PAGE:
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R.I.P. Don Rickles

Even when discussing his brash comedic style, Don Rickles couldn’t help himself. “Every night when I go out on stage, there’s always one nagging fear in the back of my mind,” he once explained. “I’m always afraid that somewhere out there, there is one person in the audience that I’m not going to offend.”

Fortunately for the man universally and ironically known as “Mr Warmth”, Rickles offended plenty of audience members throughout a landmark and unmatched career in American comedy, endearing him to generations of fans. The legendary comic’s death at 90 marks the arguable end of an era dominated by old-school comedians with a passion for both the silly and the crass, with Rickles one of the last surviving – and performing – marquee names of 60s and 70s Rat Pack-era show business.

In fact, it was Rickles’ longevity in entertainment that made him such a celebrated anomaly later in life. Born in Queens in 1926, he tried out an acting career after a stint in the navy during the second world war. He then transitioned to standup comedy, where he eventually gained a reputation for combatting hecklers with insulting barbs. It was in countless late nights on stage at smoke-filled clubs around the country that Rickles developed his comedic voice, essentially an inner monologue of mischievous thoughts one would only wish to have the courage to say out loud.

After becoming a staple in Vegas and finding a friend in the superstar Frank Sinatra (whom Rickles famously loved to rib), he broke on to the national scene after a 1965 appearance on The Tonight Show Starring Johnny Carson. Remarkably, Rickles managed to maintain relevance ever since, with a busy performance schedule that saw him alongside everyone from Sinatra in his heyday to, more recently, regular outings with his friend Regis Philbin. His filmography is also a genre-spanning and impressive laundry list of hits, ranging from his roles in the Martin Scorsese-directed mob opus Casino to the animated Toy Story series, in which he gave life to Mr Potato Head, a character that made his voice instantly recognizable to a generation of children even if his face wasn’t.

Throughout the past decade, Rickles enjoyed legendary status, with a penchant for befriending newer generations of stars such as Howard Stern, Jimmy Fallon, and Jimmy Kimmel, frequently making appearances on the trio’s respective shows. The subject of the 2007 documentary Mr Warmth: The Don Rickles Project, the comedian also maintained a presence on Twitter, an accomplishment for any 90-year-old, no less one who sporadically would tweet out trademark wisecracks. (“Healthy & happy New Year to all my family, friends and followers, and to all service men and women,” he recently posted. “Please stay safe & remember to duck!”)

His targets would typically wear these wisecracks – some innocent, others not so much – as a badge of honor, whether the victims were randomly chosen members of his audience, or names as well-known as his – as when he tweeted about having “the honor of being with Nancy Reagan” at her husband’s second inaugural (a gig he would later call his favorite ever). “I ribbed her and she laughed wholeheartedly.”

Even Sinatra, famous for his poise and no-nonsense attitude, relished the opportunity of being poked at by Rickles, a friendship on full display in a story both Sinatra and Rickles loved to tell. “He came over to the table and he said: ‘Frank, do me a favor, will you?’” Sinatra once explained. “‘I’m sitting with a very pretty girl and, uh, I’m trying to make out, you know. I told her I know you and she really doesn’t believe me. Would you stop by the table?’ And I said all right, I was just about finished, and I walked by the table and I said, ‘How are ya, Don? Nice to see you.’ And he said, ‘Can’t you see I’m eating, Frank?!’”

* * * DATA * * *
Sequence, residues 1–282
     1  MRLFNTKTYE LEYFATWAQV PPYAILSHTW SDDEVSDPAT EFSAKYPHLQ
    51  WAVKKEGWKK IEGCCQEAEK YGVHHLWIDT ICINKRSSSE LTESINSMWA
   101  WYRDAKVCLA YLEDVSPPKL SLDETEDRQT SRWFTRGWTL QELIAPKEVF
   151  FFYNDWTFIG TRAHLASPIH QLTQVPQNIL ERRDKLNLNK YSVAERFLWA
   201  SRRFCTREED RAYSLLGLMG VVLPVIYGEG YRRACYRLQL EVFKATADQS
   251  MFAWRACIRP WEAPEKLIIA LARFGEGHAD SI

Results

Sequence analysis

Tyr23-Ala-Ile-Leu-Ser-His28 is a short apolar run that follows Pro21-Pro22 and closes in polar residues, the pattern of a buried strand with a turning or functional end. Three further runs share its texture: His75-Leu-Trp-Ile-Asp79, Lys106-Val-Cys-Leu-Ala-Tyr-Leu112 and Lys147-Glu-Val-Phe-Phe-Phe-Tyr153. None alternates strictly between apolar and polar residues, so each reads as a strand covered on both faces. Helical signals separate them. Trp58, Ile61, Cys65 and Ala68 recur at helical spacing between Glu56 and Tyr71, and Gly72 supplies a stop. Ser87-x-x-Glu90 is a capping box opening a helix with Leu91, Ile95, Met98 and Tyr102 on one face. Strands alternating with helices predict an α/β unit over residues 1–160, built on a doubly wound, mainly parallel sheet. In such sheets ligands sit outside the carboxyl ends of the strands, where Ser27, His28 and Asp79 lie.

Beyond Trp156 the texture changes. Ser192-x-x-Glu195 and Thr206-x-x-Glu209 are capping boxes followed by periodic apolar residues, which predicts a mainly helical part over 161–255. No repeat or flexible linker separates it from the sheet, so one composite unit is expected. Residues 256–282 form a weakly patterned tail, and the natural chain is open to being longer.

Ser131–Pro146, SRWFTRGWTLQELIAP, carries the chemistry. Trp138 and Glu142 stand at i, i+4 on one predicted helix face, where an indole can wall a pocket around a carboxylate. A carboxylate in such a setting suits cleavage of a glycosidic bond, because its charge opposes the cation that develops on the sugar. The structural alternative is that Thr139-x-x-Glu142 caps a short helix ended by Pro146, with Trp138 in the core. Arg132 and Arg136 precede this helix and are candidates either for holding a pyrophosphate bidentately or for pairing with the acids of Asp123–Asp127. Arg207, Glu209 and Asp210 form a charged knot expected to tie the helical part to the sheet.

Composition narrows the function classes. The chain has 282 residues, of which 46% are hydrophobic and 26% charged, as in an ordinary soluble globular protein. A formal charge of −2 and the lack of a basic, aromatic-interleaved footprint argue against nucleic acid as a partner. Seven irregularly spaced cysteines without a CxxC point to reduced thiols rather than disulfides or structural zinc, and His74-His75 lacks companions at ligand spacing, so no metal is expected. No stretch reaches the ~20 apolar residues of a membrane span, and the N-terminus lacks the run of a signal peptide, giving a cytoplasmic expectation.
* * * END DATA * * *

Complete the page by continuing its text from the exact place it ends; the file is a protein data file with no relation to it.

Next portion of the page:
Rickles’ impact on the world of comedy will continue to ricochet throughout the artform, whether on stage, film or television, from his influence on ComedyCentral’s famed roasts to his forthcoming turn in the latest installment of the Toy Story series, set to hit theaters in 2019. Unfortunately for him, however, countless luminaries are currently giving heaps of something that would probably make the legend cringe: praise. “A God died today,” tweeted Tom Hanks. “Don Rickles, we did not want to ever lose you. Never.” Elsewhere on Twitter, Jim Carrey echoed those sentiments, calling him a “comic Everest” and recalling: “Don once begged me for a couple of bucks then told me to twist myself into a pretzel. Ego slayer!” His friend Jimmy Kimmel, meanwhile, said it simply: “90 years with Don Rickles weren’t enough. One of the sweetest and most lovely people I had the pleasure of knowing. We miss you already.”

BROTHA WOLF

Don

From The Guardian:

Even when discussing his brash comedic style, Don Rickles couldn’t help himself. “Every night when I go out on stage, there’s always one nagging fear in the back of my mind,” he once explained. “I’m always afraid that somewhere out there, there is one person in the audience that I’m not going to offend.”

Fortunately for the man universally and ironically known as “Mr Warmth”, Rickles offended plenty of audience members throughout a landmark and unmatched career in American comedy, endearing him to generations of fans. The legendary comic’s death at 90 marks the arguable end of an era dominated by old-school comedians with a passion for both the silly and the crass, with Rickles one of the last surviving – and performing – marquee names of 60s and 70s Rat Pack-era show business.

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